My goal overall was to start confidently. If I want to be Top 20 it means I have to be Top 20 at least in the Fast Pack runners and therefore that was my goal from start to finish.
Aykley Heads in Durham has been a thorn in my side to date. Having run the course twice I have never really excelled. It is 3 laps of about 2 miles so 6ish in total. There are a few draggy hills and at the end of each lap an awkward hill that can get pretty muddy.
Therefore the conditions were important but in the back of my mind I went into the race very confident that I had come along way fitness wise since the last race and I just had to believe and be confident…and positive.
On arrival at the course it was clear that it was in excellent condition with no real mud to speak of. I was pleased as it meant the pace in the Fast Pack would be strong which I feel suits me.
I managed a short warm up and felt good. The right leg wasn’t 100% but the rest day and massage had done it some good.
The race was a little late getting off and, being in the fast pack, I waited for the slow and medium pack to get underway. It was pretty cold waiting around and we were finally called over. For some reason the Fast Pack handicap versus the Slow Pack was 5:10 rather than the usual 5:00.
The pace was very hard from the off and I tried to settle in somewhat sensibly. Everything felt smooth and under control and I was keen to get one full lap under my belt to assess things from there.
Coming to the end of the first lap I felt like I was decently positioned. The hills at the end of the lap were tough but I dealt with them well. I was careful to keep my effort fairly level on the hills and felt like I could pick up nicely once at the top.
The course is tough but it does allow space for recovery where needed. The only issue is how to efficiently pass the Slow Pack runners and that was most challenging on the second and third lap. During the second lap I was trading places with Kevin Connolly of Gateshead Harriers and Rob Walker running for Sunderland Harriers. A runner from the Fast Pack for Sedgefield Harriers (I thought South Shields at the time) was always just slightly ahead it seemed.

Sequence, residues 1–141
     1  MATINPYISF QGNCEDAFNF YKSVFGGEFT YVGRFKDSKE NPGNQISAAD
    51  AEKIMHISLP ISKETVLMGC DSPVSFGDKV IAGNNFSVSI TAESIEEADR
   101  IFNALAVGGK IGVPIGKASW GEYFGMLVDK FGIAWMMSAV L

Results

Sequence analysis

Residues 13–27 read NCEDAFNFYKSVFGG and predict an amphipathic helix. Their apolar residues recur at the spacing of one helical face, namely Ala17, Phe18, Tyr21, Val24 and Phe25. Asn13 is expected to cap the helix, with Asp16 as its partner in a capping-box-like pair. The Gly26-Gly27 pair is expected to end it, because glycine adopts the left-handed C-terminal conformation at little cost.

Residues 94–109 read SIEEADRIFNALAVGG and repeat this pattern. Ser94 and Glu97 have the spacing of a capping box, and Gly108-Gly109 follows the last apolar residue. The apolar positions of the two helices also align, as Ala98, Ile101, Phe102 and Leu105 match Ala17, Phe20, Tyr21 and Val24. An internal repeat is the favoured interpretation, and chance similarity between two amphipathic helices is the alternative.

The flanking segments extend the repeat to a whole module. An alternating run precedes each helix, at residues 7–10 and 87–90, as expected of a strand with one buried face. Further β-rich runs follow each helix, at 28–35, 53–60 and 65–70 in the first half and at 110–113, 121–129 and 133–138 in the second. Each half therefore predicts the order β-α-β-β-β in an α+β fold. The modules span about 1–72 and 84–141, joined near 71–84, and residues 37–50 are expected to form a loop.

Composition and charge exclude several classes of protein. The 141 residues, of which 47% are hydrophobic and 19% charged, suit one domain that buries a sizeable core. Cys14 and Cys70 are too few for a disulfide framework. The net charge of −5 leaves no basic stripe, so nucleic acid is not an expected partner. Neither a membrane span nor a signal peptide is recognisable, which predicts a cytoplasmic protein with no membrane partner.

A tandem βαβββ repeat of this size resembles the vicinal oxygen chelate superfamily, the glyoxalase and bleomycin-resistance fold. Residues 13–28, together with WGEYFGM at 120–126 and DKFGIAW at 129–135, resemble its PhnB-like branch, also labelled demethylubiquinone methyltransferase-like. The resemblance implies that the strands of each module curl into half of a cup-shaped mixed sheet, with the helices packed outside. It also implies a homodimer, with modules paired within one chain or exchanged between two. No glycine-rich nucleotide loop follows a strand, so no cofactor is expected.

It was ebb and flow as we negotiated runners. The hill at the end of the second lap was the first point where my legs started to bite. The calves and thighs started to burn and it’s here that the mind starts to wonder how you can keep the high intensity for one more two mile lap.
Actually once I was up the hill and coming round for the start of the third lap I felt good again. But Kevin started to pull away. I decided to maintain my rhythm.
Working through Slow Pack runners
It was around here that I annoyed a Slow Packer by barging through…
The problem was he was glued to another runner and tight against the race ribbon on the right hand side. I knew Rob was going round strongly on the left and in a split moment I felt I had no choice but to go through the middle of the two of them.
“You fucking prick! You’re supposed to run round” came the cry.
I didn’t feel the need to acknowledge that or indeed apologise. Cross country is a tough sport. I wanted to do my best and that meant making some decisions with the aim of getting to the finish as quickly as possible. Basically I would do it again with no apology.
A rare moment alone…
I was well on my way with 2/3s of the race complete.